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Galloway is driven by time and the small window of opportunity for infants with mobility disabilities. “We know our bodies so well that we know automatically how our bodies fit in the world.” That’s not the case for children who obtain power chairs later in life. They need time to adapt to the space limitations of their chairs.

Younger children may have a learning advantage. Andrew Peffley at 2 ½ no longer needed to look left and right to determine if his chair will fit through a doorway, as he did when he started training. “He’s already calculated what his clearance in the chair requires,” Galloway says.

More important, both Andrew and Will Harp are working harder to walk than they would have without robot training, Galloway believes.

The Peffleys were able to obtain a custom Permobil-built chair for home use. Terri Peffley says she had to overcome the feeling that a power chair meant Andrew would never walk. “We have found, though, the power chair has given Andrew the ability to move beyond the commando crawl to crawling using his hips and knees,” she says.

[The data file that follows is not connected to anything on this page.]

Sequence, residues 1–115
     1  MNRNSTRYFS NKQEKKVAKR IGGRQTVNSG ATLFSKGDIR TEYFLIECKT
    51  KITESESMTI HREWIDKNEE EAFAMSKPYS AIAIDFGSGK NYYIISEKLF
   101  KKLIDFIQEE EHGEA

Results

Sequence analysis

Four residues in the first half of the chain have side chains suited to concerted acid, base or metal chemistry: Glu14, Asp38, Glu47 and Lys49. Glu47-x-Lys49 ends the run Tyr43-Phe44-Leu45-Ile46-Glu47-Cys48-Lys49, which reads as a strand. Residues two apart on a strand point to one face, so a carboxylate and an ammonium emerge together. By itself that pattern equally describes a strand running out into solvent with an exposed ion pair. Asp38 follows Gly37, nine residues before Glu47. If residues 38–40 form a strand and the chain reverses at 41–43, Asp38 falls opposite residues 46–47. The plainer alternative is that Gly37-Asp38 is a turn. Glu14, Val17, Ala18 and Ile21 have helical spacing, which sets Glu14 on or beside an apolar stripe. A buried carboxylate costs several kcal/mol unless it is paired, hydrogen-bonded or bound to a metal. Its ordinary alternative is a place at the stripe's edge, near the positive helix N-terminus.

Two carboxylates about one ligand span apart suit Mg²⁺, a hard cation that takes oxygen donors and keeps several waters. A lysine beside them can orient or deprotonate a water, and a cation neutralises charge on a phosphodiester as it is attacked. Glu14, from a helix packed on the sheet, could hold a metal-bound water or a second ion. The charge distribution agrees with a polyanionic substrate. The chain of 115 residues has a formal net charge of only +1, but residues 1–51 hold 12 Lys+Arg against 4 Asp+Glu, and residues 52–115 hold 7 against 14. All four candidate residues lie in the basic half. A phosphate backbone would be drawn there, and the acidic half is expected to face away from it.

The chair allows Andrew to realize he can do things for himself, Peffley says. He doesn’t have to settle for being a spectator. “He will say to us now ‘Andrew walking’ when he’s in the chair, or, when competing for a toy with his brothers and sisters, cries out, ‘I win!’”

The chair has proven essential to his emotional and personality development, Peffley says. “We’ve noticed an improvement in his cognitive perception, social skills and self-esteem and image,” she says. “And now he has made the connection between mobility and walking.”